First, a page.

The sentence “Which is why…” started in a new line but is not spaced apart from the previous line, whereas, using two newlines created a wider separation.

Horizontal Rule

Horizontal rule, as the name suggests, creates a horizontal line that lets you structure your document and make logical separations in it. There are two methods for creating a horizontal rule. First is to use three or more underscores to create a horizontal rule.

#Heading 1
Paragraph and heading are separated by a horizontal rule.
Another separated section

Another option (which I won’t recommend)  is to use three or more dashes ‘—’ but they are also used to indicate that the sentence immediately above them is a heading. So if you don’t have a newline between a sentence and the horizontal rule below it, that sentence will take the form of a heading.

Italics, Bold and Strikethrough

The syntax for the three of these is rather simple and speaks for itself.

**This is in bold**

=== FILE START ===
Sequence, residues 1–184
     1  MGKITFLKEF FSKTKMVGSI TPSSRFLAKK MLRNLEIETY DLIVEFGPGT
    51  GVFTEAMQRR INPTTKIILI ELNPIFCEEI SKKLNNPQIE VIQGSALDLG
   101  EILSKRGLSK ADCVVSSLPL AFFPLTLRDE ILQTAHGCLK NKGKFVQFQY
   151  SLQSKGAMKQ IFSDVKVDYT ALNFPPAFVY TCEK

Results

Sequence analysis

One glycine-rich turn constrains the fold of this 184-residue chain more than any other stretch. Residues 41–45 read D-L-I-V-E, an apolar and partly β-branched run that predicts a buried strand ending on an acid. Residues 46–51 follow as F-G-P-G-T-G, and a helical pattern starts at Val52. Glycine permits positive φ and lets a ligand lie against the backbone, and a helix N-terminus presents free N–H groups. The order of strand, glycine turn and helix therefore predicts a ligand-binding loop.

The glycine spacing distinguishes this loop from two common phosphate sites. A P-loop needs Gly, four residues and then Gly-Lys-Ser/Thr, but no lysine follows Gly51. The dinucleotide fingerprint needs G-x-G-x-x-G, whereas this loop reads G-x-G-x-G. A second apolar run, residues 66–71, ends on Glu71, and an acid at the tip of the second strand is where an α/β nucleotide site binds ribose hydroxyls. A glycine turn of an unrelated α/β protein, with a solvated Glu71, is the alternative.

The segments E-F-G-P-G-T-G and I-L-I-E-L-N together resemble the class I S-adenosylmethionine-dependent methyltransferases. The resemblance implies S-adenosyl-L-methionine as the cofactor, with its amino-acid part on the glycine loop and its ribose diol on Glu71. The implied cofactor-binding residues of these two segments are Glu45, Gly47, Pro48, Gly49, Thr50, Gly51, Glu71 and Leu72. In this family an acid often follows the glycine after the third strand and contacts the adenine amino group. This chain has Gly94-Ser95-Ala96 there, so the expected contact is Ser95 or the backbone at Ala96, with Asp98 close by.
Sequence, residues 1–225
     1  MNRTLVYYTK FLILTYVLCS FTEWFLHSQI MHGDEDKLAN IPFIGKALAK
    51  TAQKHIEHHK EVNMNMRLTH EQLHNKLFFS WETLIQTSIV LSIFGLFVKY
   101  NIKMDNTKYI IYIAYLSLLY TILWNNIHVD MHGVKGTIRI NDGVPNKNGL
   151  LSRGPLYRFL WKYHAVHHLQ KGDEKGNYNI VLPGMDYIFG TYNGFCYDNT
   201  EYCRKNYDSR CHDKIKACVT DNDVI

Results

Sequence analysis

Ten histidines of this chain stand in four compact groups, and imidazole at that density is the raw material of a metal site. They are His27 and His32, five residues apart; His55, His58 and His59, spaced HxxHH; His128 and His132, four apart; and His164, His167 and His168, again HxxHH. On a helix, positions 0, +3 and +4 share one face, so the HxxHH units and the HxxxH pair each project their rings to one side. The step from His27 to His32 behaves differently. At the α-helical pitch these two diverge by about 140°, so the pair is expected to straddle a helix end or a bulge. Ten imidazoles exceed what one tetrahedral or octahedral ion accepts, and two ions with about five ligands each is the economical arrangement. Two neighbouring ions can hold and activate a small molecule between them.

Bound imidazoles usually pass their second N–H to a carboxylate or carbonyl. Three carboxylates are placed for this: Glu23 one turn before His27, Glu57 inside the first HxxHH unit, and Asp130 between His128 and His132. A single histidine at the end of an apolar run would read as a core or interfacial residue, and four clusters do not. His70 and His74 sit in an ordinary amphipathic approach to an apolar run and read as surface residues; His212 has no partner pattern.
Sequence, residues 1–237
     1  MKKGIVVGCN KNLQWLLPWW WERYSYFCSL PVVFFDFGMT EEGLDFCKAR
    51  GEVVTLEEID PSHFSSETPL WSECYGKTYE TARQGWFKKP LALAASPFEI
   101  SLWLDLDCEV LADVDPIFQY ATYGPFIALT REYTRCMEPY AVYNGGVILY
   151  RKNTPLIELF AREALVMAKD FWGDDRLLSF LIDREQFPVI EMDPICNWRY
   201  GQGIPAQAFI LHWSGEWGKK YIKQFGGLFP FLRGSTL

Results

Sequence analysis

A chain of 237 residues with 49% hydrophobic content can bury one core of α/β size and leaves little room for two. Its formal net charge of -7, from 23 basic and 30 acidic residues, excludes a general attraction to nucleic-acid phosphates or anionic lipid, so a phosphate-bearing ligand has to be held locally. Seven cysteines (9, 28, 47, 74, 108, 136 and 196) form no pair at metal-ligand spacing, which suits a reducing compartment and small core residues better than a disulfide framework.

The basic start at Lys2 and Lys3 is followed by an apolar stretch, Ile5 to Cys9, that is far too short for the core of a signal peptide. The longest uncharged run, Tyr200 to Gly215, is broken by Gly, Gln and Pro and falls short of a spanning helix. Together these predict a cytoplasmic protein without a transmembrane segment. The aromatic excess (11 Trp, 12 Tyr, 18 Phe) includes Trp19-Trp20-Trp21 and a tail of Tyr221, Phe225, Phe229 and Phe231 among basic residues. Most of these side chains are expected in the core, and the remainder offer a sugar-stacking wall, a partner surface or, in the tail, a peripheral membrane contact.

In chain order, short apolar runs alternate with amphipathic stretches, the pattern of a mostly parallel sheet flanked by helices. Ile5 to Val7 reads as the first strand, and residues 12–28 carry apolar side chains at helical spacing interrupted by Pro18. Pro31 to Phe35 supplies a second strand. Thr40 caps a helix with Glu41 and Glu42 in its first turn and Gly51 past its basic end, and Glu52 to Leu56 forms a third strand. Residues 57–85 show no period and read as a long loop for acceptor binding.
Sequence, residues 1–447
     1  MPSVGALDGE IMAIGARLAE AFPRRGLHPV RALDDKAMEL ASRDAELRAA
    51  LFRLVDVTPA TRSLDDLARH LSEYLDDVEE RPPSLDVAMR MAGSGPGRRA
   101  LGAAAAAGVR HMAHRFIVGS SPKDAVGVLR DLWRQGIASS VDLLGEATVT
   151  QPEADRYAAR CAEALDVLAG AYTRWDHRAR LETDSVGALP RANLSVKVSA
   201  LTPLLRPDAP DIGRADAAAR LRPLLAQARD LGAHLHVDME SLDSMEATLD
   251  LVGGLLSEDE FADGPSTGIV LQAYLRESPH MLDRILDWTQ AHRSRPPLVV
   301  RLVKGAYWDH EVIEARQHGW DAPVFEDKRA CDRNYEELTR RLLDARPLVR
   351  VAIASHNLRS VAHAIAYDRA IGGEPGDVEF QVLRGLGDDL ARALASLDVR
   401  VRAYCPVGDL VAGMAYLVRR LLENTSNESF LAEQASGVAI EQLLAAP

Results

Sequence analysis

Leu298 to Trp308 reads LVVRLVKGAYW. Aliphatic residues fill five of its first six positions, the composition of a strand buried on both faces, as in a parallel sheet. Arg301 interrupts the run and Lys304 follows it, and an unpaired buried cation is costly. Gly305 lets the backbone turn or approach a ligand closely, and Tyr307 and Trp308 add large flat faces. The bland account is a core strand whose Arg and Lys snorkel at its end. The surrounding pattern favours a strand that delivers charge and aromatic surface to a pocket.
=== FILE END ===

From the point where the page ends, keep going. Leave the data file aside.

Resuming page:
__This is also bold__
_This is italics_
*This is also italics*
~~This is strikethrough~~

Escape character

Now, one might ask, how would you literally write **Some text** into the final markdown file if it just changes that to bold every time. This is something that most programming languages also deal with and the solution is similar to those — Use a backslash character. This works for other syntax elements too, and is not specifically for bold styling.

\**This is no longer bold\**
If you want to show the backslash character itself, then use two of them and so on.
\\ Shows up as a single slash

Blockquotes and code blocks

Blockquotes and code blocks are much easier. A blockquote can be used to highlight an important point towards which you want to draw the readers’ attention. This can be achieved by using right angular bracket at the start as shown.

# Heading 1
Lorem ipsum dolor sit amet, consectetur adipiscing elit, sed do eiusmod tempor incididunt ut
labore et dolore magna aliqua. Ut enim ad minim veniam, quis nostrud exercitation ullamco laboris
nisi ut aliquip ex ea commodo consequat. Duis aute irure dolor in reprehenderit in voluptate
velit esse cillum dolore eu fugiat nulla pariatur. Excepteur sint occaecat cupidatat non
proident, sunt in culpa qui officia deserunt mollit anim id est laborum.

> This is a neat summary of a subsection of your document. A > couple of lines that stand
out from the rest of the content.

The content continues.

Here’s how it looks when it is rendered.

For code blocks, simply indent the lines the lines by 4 spaces or more. This is really

handy for developers and operators who want to document their work. We would later see how to make this even better.